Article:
and the state agencies that administer them are guided by federal regulations 42 C.F.R 453.900 through 453.965, authorized by section 1102 of the Social Security Act, A-4675-18T1 10 42 U.S.C. § 1302. These regulations establish guidelines for beneficiaries and the agencies that serve them on a variety of ACA Medicaid implementation issues, including but not limited to, applications for benefits, eligibility determinations, and eligibility redeterminations among other issues. III. The Director issued a final decision rejecting the ALJ's recommendation. That decision did not include a "review of the record" and a conclusion that the ALJ's findings are "arbitrary, capricious or unreasonable or are not supported by sufficient, competent, and credible evidence in the record." N.J.S.A. 52:14B- 10(c). The Director failed to consider the facts related to G.S.'s mental health diagnosis and any impact that diagnosis may have had on G.S.'s ability to comprehend and comply with ACA Medicaid eligibility renewal requirements. The Director failed to consider the agency's missed 2017 eligibility determination for G.S., a violation of its affirmative duty under 42 C.F.R. § 435.948 to conduct annual ACA Medicaid eligibility determinations. The Director did not consider the agency's failure to comply with 42 C.F.R. § 435.916 (f)(1), which requires an agency to determine a recipient's potential eligibility for other insurance programs before "making a determination of A-4675-18T1 11 ineligibility." The Director found "that there is nothing in the record to suggest [G.S.] was eligible for the Workability Program [prior to 2018]." This finding by the Director contradicts the record that was before the ALJ. At the hearing, G.S. introduced testimony and medical records documenting G.S.'s mental health diagnoses in 2017 which were at least identical to, if not more severe than, the diagnoses that resulted in her Medicaid Workability eligibility determination in June 2018. After considering G.S.'s significant 2017 medical history, along with the agency's failure to issue a redetermination form to G.S. that year, the ALJ inferred that G.S. would have been eligible for Medicaid Workability in 2017 had the agency carried out its duty to perform an annual redetermination under § 435.916(a) (1)-(2). This finding, along with the others listed above, was weighed by the ALJ in balancing the considerations for and against waiver. In rejecting this finding, the Director failed to "state with particularity the reasons for rejecting the [ALJ's] findings[,]"nor did she "make new or modified findings supported by sufficient, competent, and credible evidence in the record." 52:14B-10(c). Finally, the Director failed to consider the ALJ's witness credibility findings with respect to G.S. or the agency's representative. By failing to consider credibility findings of the ALJ, as well not considering the other facts cited by the ALJ in her decision, the Director A-4675-18T1 12 effectively rejected them without giving reasons for doing so. She made no findings to support her decision as required by the Act.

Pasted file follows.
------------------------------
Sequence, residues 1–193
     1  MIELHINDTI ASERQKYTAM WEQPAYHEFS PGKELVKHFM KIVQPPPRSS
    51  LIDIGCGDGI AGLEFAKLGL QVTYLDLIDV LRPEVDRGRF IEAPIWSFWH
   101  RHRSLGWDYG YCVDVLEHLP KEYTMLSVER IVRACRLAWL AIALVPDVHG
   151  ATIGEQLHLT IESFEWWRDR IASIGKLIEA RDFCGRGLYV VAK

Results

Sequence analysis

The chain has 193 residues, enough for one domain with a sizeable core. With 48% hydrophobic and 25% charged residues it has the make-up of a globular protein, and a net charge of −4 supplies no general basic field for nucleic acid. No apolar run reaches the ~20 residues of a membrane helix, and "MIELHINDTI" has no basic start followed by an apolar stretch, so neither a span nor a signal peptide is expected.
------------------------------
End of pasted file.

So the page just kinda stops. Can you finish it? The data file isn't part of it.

the Director, in rejecting the ALJ's decision, did not state clearly the reasons for doing so. She did not review the record and conclude that the ALJ's credibility and fact finding was arbitrary, capricious, or unreasonable. With one exception, the Medicaid Workability eligibility issue, she did not find that the ALJ's findings were unsupported by sufficient, competent, or cred ible evidence in the record. Lastly, the Director failed to make new or modified findings supported by competent evidence in the record in her final decision. These steps are mandated by the Administrative Procedure Act. The Director's failure to apply the appropriate standard of review in reaching her final decision was arbitrary and capricious.
(citing Lefelt, Miragliotta & Prunty, Administrative Law & Practice, New Jersey Practice Series, § 6.16 at Supp. 23 (2001 ed. Supp.)). We remand to the Director of the Division of Medical Assistance and Health Services for review of the ALJ's initial decision in a manner consistent with the standards outlined in this opinion. Reversed and remanded. We do not retain jurisdiction. A-4675-18T1 13